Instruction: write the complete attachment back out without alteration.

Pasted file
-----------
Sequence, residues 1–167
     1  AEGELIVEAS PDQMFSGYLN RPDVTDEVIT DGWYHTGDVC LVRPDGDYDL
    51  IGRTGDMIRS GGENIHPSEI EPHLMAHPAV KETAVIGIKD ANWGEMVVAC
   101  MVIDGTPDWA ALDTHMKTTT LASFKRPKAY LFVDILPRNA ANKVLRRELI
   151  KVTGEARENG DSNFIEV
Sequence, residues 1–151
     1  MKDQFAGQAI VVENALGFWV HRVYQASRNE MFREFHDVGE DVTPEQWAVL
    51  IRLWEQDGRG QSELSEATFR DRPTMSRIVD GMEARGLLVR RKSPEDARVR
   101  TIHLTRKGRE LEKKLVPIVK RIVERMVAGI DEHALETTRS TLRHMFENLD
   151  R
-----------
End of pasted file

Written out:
Sequence, residues 1–167
     1  AEGELIVEAS PDQMFSGYLN RPDVTDEVIT DGWYHTGDVC LVRPDGDYDL
    51  IGRTGDMIRS GGENIHPSEI EPHLMAHPAV KETAVIGIKD ANWGEMVVAC
   101  MVIDGTPDWA ALDTHMKTTT LASFKRPKAY LFVDILPRNA ANKVLRRELI
   151  KVTGEARENG DSNFIEV
Sequence, residues 1–151
     1  MKDQFAGQAI VVENALGFWV HRVYQASRNE MFREFHDVGE DVTPEQWAVL
    51  IRLWEQDGRG QSELSEATFR DRPTMSRIVD GMEARGLLVR RKSPEDARVR
   101  TIHLTRKGRE LEKKLVPIVK RIVERMVAGI DEHALETTRS TLRHMFENLD
   151  R